7. Other orientation (Writing is too hard to not have a support group of family and friends.)

What was your favorite book to write? Why?

That’s another one of those “Who’s your favorite child and grandchild?” questions. My most transparent and honest book is Squeezing Good Out of Bad (Lighthouse Publishing of the Carolinas). And it was my most fun since it’s written as a top ten list with lots of humor. Usually, though, my favorite book is the next one.

Share with our readers one example of how God orchestrated your steps to coincide with His plan.

My very first writing/editing job, as an editor of a teen magazine at Wesleyan Publishing House, came about when my pastor “just happened” to meet the executive editor at a ministerial meeting and they just happened to talk about what was happening at the church and just happened to talk about my editing an evangelistic newspaper for teens in the local community and the editor just happened to ask if I’d be interested in coming on board.

That was the first of many just-happened events that led to published books, appearing on “The 700 Club,” and teaching writing with Cec Murphey for three weeks in India. (Of course, as believers, we know just-happened situations are divine providence!)

Every good writer needs support from his spouse/family to succeed. What has your wife/family done or not done to help support you in your career?

My wife has been so supportive with my so-called writing/speaking career. She’s never once asked, “When are you going to find a real job?!” even when I was thinking I need to find a real job!

If you were to start your writing career all over again, what would you do differently?

I’m such a firm believer in the premise that God works all out for our good (Romans 8:28), that I probably wouldn’t change a thing, although I do regret not finishing my graduate work in communications. I think a “Christian writer” must first be a Christian who is trusting God each step of the way, listening to His instructions, and acknowledging Him in every aspect of his/her writing and speaking (Proverbs 3:5-6).

What’s the one marketing tool that’s helped you?

The Christian Writers’ Market Guide is, of course, the most important book—other the the Bible—in your writing library, but going to writers’ conferences and networking with editors and other writers is essential as well.

Are you a spontaneous Kindle/Nook man or a traditional hardback book kind of guy?

I’m a go-to-the-library-and-get-books-free kind of guy.

What’s the last book you’ve read?

Currently reading Jesus Calling by Sarah Young—for the third time.

Jack Bauer or The Lone Ranger?

Definitely the masked man! The Lone Ranger taught, “Shoot to disarm, never to harm.” So, I love the quote by Mary Hirsch: “Humor is a rubber sword that allows you to make a point without drawing blood.”

Joanne Kraft writes to encourage women to fulfill their God-given roles as wife and mom and to walk boldly into their promised land. Her writing is transparent and humorous. Joanne has been published by In Touch, Today’s Christian Woman, ParentLife, Kyria and P31 Woman magazines. She’s the author of Just Too Busy: Taking Your Family on a Radical Sabbatical and The Mean Mom’s Guide to Raising Great Kids just released this month!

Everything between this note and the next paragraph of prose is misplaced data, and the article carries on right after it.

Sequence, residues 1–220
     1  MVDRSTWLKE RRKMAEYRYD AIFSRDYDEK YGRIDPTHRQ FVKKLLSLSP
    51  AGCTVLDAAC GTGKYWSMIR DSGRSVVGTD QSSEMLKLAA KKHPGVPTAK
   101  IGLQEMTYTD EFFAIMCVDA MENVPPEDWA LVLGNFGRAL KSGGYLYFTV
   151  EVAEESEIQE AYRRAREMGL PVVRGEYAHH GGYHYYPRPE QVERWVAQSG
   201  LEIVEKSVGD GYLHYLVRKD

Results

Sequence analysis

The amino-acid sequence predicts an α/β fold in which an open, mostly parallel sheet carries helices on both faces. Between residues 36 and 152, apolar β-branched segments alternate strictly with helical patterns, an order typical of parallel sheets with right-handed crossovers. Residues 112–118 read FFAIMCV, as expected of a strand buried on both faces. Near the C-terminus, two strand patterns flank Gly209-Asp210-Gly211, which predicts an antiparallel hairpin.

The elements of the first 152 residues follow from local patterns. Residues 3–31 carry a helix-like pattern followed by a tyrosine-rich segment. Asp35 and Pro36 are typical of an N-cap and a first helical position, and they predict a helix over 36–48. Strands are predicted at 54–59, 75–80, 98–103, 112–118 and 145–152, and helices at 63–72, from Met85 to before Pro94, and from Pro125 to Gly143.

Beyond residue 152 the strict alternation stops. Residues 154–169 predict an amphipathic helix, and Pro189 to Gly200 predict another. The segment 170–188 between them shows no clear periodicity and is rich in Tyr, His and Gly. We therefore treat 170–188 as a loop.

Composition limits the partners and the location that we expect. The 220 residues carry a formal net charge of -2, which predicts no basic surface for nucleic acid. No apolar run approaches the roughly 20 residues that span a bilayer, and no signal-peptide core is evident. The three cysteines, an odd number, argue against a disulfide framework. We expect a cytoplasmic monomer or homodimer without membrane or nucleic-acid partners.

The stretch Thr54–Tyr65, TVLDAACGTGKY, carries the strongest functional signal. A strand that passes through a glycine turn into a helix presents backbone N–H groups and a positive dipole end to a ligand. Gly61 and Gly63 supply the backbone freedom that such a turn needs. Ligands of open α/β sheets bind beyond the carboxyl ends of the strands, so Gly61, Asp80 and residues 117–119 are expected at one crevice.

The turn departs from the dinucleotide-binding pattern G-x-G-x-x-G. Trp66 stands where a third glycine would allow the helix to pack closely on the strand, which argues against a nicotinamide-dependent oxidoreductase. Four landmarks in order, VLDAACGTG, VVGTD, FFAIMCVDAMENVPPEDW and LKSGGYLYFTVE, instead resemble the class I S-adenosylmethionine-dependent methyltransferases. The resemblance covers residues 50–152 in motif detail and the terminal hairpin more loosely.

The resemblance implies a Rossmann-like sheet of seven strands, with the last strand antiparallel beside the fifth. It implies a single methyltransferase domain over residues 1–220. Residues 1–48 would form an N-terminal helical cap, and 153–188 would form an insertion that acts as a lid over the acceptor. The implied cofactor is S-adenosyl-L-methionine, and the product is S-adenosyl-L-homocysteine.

© Copyright 2011 Joanne Kraft, James Watkins

For a ream of resources, please click Hope & Humor for writers

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Hope for balance in life

March 23rd, 2015 | Posted by jameswatkins in Uncategorized - (5 Comments)

balance

If I hear another pastor, teacher or speaker proclaim, as if from Mount Sinai, “Put God first, your family second, your ministry third and your self last,” my “self” is going to put them very last on my priority list! Here’s why:

Let me be clear: putting God at the center of our lives is essential. But if I put time alone with God as first in the hierarchy mentioned, I’m never going to get to my family. I’m going to be a monk cloistered away reading my Bible, praying, journaling, worshipping, and if I’m really spiritual, fasting. If my choice is to read the Bible or read to my kids or grandkids, I’ve got to choose God’s Word if I’m locked into this rigid ranking of priorities.

If I put my family over my ministry, I will never get a word written or leave the house to speak at a conference. My wife has a “honey do list” that will keep me busy until Jesus comes. And pastors would never have time for sermon prep, board meetings, hospital calling, and the thousands of other tasks assigned to them by the congregation.

And if put my ministry over myself, there’s not going to be much of me left except a burnout shell of a person with high blood pressure and ulcers.

That’s why this ranking system is so unrealistic and unworkable. Those who attempt to implement it end up conflicted and stressed—and probably alienated from their family. So, here’s an alternative.

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Think of your life as a wheel. For a wheel to work it has to be moving by having regular contact of all its circumference with the surface it’s traveling on. If it stops turning, it stops performing the way it was designed.